Annie Get Your Gun

This is one of those moments where the desperation to simply act, to attack the immediate threat, becomes overwhelming. Some open our cupboards – or buy a bit extra at Tescos – and pull out the grapefruit segments and near-expiry beans. Others reach for their guns and cry “Independence!” But the bulldozer driver has a correct analysis of the political totality. We ask: “where does the buck stop?” He answers, “it doesn’t stop”. There is an entire structure1 within which the individual is merely an apparatchik and cannot be held personally responsible. “Don’t shoot me!” smiles Danny Alexander, “it may satisfy you for a second, but you’ll still be hungry afterwards!” Power and responsibility are shown to circulate through the system, invigorating it with as sense of necessity.

The bulldozer is correct, but he is not politically neutral. He shows how responsibility is dissipated, but does not analyze how power is concentrated. This is the position of many pro-union politicians and activists, they understand the frustration of the Scottish people, but point out – quite rightly – that independence isn’t going to solve all our problems, or produce the right outcomes, however desirable. This advice, while correct, is dishonest, it does not investigate the nature of hegemonic power within the British political system, but only points out wryly that it is hegemonic. It is one of the few moments when it is quite right to ask, when a suggestion is discarded, what are their proposals? At best it is proposed that a Labour government will restore a social justice sheen to the current rapid and terminal collapse - a One Nation finger holding the deluge back – in state-run welfarism.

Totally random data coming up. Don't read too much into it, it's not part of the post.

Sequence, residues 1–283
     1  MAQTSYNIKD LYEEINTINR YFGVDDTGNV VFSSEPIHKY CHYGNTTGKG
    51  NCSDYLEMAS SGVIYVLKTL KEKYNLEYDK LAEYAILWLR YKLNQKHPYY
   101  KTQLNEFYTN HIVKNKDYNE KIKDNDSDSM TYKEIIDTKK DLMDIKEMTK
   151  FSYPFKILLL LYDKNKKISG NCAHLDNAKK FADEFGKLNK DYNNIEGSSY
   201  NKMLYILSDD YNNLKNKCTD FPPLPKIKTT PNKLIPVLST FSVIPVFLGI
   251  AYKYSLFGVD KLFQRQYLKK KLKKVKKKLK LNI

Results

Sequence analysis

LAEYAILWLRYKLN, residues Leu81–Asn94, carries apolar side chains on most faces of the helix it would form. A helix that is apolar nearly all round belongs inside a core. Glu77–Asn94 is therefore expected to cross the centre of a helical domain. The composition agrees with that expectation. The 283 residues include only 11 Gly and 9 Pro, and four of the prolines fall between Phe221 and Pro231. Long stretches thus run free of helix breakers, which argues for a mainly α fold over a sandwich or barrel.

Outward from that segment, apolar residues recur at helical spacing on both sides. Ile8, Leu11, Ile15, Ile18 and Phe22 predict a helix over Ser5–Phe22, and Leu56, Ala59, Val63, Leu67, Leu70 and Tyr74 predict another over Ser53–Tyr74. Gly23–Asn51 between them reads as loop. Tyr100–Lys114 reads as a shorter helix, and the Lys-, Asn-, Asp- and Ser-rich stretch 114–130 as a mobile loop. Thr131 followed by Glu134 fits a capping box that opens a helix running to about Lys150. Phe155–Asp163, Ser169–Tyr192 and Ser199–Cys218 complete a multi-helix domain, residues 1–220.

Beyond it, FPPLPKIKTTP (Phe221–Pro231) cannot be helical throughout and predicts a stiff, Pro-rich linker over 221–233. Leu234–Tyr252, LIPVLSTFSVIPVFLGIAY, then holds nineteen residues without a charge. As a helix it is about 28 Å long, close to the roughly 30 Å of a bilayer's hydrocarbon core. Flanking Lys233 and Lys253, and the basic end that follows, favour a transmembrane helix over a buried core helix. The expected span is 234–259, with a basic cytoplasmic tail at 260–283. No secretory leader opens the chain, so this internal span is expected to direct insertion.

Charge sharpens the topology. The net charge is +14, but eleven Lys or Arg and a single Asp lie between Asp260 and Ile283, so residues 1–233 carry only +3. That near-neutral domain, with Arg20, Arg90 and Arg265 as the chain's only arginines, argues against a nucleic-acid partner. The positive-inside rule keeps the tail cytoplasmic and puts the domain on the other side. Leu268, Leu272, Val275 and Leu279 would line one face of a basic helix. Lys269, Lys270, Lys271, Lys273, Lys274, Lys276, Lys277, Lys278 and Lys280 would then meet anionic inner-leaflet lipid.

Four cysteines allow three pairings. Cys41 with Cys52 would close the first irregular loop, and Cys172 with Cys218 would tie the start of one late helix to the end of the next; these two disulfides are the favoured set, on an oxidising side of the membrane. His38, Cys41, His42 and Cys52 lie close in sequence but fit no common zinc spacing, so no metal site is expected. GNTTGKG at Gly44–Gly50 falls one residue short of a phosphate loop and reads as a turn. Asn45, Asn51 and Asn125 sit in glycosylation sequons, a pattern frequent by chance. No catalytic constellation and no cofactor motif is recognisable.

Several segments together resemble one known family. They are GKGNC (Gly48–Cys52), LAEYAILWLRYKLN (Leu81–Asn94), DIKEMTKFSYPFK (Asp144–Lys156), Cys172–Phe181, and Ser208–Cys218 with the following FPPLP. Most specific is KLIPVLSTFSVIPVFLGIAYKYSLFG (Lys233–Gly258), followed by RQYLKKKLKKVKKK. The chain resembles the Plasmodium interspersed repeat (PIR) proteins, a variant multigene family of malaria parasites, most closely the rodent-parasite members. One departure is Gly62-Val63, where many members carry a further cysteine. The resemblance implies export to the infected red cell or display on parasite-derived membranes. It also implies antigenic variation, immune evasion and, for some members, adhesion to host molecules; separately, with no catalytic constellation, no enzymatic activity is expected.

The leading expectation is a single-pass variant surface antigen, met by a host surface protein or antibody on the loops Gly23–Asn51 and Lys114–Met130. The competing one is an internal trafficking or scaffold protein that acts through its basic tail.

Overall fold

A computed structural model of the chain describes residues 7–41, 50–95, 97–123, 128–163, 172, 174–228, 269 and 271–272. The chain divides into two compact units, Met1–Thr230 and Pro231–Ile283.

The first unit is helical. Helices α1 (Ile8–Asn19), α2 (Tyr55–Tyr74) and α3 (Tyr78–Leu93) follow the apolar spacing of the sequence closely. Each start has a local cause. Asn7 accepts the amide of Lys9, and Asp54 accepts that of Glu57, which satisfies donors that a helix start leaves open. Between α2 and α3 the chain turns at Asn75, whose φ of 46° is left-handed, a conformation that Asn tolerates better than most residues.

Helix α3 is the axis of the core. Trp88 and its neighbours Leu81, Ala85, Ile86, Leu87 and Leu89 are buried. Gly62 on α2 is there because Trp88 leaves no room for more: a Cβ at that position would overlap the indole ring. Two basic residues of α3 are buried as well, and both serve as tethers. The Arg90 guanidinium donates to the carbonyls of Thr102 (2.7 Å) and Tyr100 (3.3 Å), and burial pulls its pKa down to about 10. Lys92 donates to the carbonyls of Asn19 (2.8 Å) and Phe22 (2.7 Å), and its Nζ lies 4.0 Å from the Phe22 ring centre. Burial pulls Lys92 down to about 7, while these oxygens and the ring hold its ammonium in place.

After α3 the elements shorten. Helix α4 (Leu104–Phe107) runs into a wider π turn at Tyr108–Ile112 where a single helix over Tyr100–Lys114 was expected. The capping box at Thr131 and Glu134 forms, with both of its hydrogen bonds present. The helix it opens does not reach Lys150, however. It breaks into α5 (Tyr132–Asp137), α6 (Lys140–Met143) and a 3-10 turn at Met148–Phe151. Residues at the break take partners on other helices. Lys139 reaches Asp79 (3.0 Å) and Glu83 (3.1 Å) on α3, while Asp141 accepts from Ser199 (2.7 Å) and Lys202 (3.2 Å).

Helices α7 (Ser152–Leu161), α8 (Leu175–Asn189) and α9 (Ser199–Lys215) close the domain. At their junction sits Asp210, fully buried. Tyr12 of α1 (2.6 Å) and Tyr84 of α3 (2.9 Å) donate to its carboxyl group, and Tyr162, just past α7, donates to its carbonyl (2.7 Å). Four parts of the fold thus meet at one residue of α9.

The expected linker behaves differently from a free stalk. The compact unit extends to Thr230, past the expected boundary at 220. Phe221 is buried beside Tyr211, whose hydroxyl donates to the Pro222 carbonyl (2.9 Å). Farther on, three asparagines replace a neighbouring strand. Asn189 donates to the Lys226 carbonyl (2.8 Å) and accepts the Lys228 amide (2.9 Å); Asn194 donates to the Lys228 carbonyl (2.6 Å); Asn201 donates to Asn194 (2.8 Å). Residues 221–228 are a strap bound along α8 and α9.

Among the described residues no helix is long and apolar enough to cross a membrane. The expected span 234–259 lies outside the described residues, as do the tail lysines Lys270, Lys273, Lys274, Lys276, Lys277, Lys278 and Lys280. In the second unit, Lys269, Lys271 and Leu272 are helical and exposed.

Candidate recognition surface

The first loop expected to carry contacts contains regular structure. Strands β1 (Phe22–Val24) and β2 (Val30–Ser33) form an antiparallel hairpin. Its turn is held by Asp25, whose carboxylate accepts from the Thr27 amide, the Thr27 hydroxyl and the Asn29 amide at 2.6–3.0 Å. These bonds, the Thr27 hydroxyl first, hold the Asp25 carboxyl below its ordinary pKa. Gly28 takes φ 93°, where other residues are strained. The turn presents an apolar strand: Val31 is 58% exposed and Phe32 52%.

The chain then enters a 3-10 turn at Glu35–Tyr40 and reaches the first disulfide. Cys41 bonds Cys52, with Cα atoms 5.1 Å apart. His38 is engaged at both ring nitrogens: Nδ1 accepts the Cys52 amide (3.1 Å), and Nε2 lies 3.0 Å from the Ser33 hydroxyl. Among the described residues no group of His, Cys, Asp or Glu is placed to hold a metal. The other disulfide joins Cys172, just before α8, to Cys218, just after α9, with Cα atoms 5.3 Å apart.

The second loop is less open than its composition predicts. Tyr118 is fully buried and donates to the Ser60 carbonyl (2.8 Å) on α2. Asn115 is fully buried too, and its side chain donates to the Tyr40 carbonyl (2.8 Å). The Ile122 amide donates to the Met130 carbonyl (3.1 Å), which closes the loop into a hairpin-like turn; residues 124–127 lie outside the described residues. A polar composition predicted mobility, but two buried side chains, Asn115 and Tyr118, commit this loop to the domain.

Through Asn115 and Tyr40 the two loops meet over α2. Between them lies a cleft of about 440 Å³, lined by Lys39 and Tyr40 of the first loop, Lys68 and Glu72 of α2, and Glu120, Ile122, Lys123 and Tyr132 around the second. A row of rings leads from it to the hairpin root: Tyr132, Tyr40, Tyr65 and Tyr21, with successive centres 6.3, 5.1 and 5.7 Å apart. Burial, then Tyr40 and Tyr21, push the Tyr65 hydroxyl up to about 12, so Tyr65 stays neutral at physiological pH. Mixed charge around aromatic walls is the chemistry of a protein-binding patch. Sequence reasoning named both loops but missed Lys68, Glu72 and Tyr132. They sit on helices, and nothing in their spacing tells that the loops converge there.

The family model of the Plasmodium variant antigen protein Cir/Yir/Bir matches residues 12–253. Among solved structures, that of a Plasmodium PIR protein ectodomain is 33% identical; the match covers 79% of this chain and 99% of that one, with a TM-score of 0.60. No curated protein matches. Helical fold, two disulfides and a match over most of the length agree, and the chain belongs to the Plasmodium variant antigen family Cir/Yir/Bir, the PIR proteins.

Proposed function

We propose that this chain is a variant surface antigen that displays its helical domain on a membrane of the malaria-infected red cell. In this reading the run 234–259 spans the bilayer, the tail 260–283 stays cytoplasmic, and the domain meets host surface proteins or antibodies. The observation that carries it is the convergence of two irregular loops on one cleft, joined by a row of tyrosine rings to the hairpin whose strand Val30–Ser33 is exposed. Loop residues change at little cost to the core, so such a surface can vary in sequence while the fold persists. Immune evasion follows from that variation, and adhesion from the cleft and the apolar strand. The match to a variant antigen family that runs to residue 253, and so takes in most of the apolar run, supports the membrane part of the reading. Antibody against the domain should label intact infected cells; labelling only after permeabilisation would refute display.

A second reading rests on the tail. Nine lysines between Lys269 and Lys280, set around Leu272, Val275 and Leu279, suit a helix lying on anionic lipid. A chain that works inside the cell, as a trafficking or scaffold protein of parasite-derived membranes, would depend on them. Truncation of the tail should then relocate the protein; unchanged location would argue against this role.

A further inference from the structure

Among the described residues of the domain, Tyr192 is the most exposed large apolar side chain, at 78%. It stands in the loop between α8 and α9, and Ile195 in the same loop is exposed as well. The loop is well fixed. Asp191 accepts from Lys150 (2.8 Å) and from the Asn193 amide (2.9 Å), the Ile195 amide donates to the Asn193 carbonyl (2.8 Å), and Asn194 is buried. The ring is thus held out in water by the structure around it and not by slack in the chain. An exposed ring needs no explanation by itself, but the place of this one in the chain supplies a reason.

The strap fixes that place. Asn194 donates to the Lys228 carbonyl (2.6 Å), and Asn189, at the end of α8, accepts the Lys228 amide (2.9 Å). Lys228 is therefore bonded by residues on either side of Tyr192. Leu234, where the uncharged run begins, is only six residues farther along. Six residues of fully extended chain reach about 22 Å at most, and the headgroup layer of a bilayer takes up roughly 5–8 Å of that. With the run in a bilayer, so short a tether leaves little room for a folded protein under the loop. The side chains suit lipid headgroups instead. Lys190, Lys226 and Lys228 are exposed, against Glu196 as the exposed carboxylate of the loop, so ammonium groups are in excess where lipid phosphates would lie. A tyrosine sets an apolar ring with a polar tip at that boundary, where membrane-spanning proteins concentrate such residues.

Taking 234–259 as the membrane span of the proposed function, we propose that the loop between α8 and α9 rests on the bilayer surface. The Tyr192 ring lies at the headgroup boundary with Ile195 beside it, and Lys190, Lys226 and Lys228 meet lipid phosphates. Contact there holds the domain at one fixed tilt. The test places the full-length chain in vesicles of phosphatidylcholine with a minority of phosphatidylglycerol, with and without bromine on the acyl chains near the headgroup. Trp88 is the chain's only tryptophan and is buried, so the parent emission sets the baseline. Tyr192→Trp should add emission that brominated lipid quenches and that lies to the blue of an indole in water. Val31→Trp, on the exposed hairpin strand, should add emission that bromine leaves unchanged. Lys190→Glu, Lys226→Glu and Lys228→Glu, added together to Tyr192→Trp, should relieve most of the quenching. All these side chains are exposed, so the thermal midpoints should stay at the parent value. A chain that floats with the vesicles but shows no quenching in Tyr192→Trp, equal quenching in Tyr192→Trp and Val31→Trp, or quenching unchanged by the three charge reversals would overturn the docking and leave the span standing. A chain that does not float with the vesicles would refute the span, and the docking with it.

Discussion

What they fail to understand is how untenable this position is. In a previous article I asserted that “Scottish identity isn’t going back into the ‘Britain’ box again after all this.” Further to this, what applies to identity is more important in the political sphere,  where after a close-run No vote2, the British state apparatus surely becomes even more obviously the weak link in the polity of the British Isles, and indeed, within the European settlement.

Leave it to us!

Leave it to us!

It is telling that while ever more awkward attempts are made to discredit the support – much of it a desperate sort of support indeed – for independence, the prospect of constitutional reform short of this gentle riving called ‘Independence’, such as federalism or further devolution, is not even mocked but simply discarded as implausible within the early twentieth-century framework of the British state. As the debate continues, as state structures come under increasing scrutiny and the hope for further devolution becomes ever more untenable, the frustration of the majority of Scots who wish for a grand reconfiguration will look increasingly like that of the tenant farmer, who declares “I don’t aim to starve to death before I kill the man that’s starving me.”

Attacking the Weak Links

“A chain is as strong as its weakest link. In general, anyone who wants to control a given situation will look out for a weak point, in case it should render the whole system vulnerable. On the other hand, anyone who wants to attack it, even if the odds are apparently against him, need only discover this one weakness to make all its power precarious.”

(Althusser, Louis, ‘Contradiction and Overdetermination’, For Marx)